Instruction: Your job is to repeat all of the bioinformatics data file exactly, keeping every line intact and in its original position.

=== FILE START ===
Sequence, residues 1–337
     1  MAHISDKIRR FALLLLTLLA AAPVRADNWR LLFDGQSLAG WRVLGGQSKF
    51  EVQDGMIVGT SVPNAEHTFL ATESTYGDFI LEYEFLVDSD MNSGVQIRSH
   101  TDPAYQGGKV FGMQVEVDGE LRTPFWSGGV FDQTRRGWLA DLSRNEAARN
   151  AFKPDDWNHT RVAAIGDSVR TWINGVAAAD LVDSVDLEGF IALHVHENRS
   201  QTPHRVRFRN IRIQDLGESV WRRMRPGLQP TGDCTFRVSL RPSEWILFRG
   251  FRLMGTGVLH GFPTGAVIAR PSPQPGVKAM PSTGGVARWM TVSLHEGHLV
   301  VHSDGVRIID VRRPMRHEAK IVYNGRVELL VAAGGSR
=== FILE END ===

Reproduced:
Sequence, residues 1–337
     1  MAHISDKIRR FALLLLTLLA AAPVRADNWR LLFDGQSLAG WRVLGGQSKF
    51  EVQDGMIVGT SVPNAEHTFL ATESTYGDFI LEYEFLVDSD MNSGVQIRSH
   101  TDPAYQGGKV FGMQVEVDGE LRTPFWSGGV FDQTRRGWLA DLSRNEAARN
   151  AFKPDDWNHT RVAAIGDSVR TWINGVAAAD LVDSVDLEGF IALHVHENRS
   201  QTPHRVRFRN IRIQDLGESV WRRMRPGLQP TGDCTFRVSL RPSEWILFRG
   251  FRLMGTGVLH GFPTGAVIAR PSPQPGVKAM PSTGGVARWM TVSLHEGHLV
   301  VHSDGVRIID VRRPMRHEAK IVYNGRVELL VAAGGSR